Nothing to see here 

Nothing to see here 

As conservatives take power in Baton Rouge, Louisiana’s flagship university is quickly backpedaling on its commitment to diversity, equity and inclusion. Louisiana State University recently scrubbed references to diversity from its website, while LSU’s Manship School of Mass Communication removed a video series on structural racism (co-sponsored by LBP). Manship Dean Kimberly Bissel told LSU Reveille’s Claire Sullivan that the removal of the series, “Racism: Dismantling the System,” was due to a website redesign and said it will “absolutely” return online. 

The removal of the series came around the time LSU removed its diversity statement and other diversity language from its website. News of the series being taken down broke Friday, the same day LSU President William F. Tate IV announced “inclusion” would be replaced with “engagement” in what is now the Division of Engagement, Civil Rights and Title IX.

The racism series is archived on the video section of LBP’s Facebook page


Landry nixes graduation appeal plan
Gov. Jeff Landry has shelved a policy that provided a pathway to high school graduation for Louisiana students who fail to meet minimum benchmarks on standardized tests. Republicans on the House Education Committee recently voted down the plan at the urging of top GOP leaders. But former Gov. John Bel Edwards disagreed and approved the policy, which had support from the state’s top school board, teachers unions and other advocacy groups. The Advocate’s Meghan Friedmann reports:

The policy provided an alternative path toward earning a diploma that could be especially important for students with learning challenges and for non-native English speakers, advocates said. … [former BESE president Holly] Boffy, a principal at W.D. Mary & Baker Smith Career Center in Lafayette, pointed to one of her students, a teen who had passed multiple professional exams and had over 400 hours of industry experience, but had failed the LEAP biology test normally required to graduate. Because of a COVID-era exemption, that student still got her diploma, Boffy said. But such exemptions have expired.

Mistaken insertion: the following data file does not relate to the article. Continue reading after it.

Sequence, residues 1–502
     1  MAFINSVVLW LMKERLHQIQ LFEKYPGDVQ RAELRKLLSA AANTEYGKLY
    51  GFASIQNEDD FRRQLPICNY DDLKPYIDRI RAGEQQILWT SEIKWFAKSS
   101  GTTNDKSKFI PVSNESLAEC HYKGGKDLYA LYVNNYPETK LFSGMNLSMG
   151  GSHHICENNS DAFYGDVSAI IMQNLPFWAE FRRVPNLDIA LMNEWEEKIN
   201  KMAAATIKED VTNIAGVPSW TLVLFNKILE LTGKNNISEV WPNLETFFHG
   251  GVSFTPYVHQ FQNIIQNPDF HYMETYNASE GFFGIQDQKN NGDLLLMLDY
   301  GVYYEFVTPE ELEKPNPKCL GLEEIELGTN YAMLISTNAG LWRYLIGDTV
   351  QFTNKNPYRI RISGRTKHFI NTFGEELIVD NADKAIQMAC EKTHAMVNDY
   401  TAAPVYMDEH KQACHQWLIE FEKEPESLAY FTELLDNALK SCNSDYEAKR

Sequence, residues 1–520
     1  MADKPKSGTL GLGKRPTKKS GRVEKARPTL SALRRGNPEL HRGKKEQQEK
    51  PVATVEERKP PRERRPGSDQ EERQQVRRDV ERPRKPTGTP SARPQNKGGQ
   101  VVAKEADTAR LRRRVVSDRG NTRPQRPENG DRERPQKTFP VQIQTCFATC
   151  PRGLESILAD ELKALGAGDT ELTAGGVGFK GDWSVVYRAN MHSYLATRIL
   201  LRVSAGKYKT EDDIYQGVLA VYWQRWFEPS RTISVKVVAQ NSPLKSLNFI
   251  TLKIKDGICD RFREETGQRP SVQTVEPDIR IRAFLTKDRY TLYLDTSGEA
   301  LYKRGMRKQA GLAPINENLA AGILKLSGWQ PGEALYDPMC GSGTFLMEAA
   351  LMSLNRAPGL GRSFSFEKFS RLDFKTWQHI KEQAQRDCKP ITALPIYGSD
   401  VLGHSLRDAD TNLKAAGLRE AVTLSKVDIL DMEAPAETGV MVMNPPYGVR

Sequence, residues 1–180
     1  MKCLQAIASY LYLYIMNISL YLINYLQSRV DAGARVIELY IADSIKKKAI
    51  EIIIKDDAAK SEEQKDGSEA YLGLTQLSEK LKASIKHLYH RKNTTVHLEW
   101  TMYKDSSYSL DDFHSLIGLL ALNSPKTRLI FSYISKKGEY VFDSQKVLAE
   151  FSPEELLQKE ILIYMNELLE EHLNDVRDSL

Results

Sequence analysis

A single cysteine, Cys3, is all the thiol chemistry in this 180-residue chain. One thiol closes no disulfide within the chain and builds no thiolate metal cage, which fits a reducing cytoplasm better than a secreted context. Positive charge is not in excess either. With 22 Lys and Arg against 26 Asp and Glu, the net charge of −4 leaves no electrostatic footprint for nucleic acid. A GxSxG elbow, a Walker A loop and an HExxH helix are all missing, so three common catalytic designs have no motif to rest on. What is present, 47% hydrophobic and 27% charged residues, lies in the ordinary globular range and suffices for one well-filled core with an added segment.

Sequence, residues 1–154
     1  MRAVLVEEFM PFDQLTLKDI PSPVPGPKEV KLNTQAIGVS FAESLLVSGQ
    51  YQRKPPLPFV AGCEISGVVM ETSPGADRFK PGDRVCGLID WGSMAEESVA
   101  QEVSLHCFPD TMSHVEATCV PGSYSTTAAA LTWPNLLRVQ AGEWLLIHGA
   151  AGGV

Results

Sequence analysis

Only eight states require passing a standardized test to graduate. Of these, Louisiana is the only one without an appeals process. Students in private schools are not subjected to the requirement. 


Family doctors and rural America’s maternal health crisis
Rural maternity care deserts are prevalent across the country because of a lack of obstetricians. Nearly one-third of women in Louisiana live in a parish that lacks a single medical professional trained in childbirth and the care of women giving birth. But as KFF Health News’ Sarah Jane Tribble explains, family doctors, with the help of federal support, are trying to solve this preventable health crisis for new mothers and babies in rural America. 

Family medicine physicians still provide the majority of labor and delivery care in rural America, but few new doctors recruited to less populated areas offer obstetrics care, partly because they don’t want to be on call 24/7. Now, with rural America hemorrhaging health care providers, the federal government is investing dollars and attention to increase the ranks. “Obviously the crisis is here,” said Hana Hinkle, executive director of the Rural Training Track Collaborative, which works with more than 70 rural residency training programs. 


Louisiana receiving billions from infrastructure and climate laws
Louisiana has been awarded $10.2 billion from two laws President Joe Biden championed. The Infrastructure Investment and Jobs Act and the Inflation Reduction Act have steered much-needed funding to help the state transition away from fossil fuels, protect against climate change and repair its aging infrastructure. The Times-Picayune | Baton Rouge Advocate’s Sam Karlin explains how those dollars are being used. 

The biggest category of projects is roads and bridges, which is set to get a windfall of $3.8 billion. Already receiving funding are projects to replace the Calcasieu River Bridge and help cities improve surface streets, among other things. The money will also be used on other types of infrastructure. For instance, More than $1.3 billion is slated for projects aimed at making the state more resilient in the face of stronger hurricanes and other effects of a changing climate. … Another $1.6 billion will go to building out clean energy and bolstering the power grid by making homes more energy efficient and deploying stronger utility poles. 


Number of the Day
$1,682 – Amount of funding Louisiana has received per person from the Infrastructure Investment and Jobs Act. Louisiana is receiving more funding than neighboring states. (Source: Times Picayune | Baton Rouge Advocate).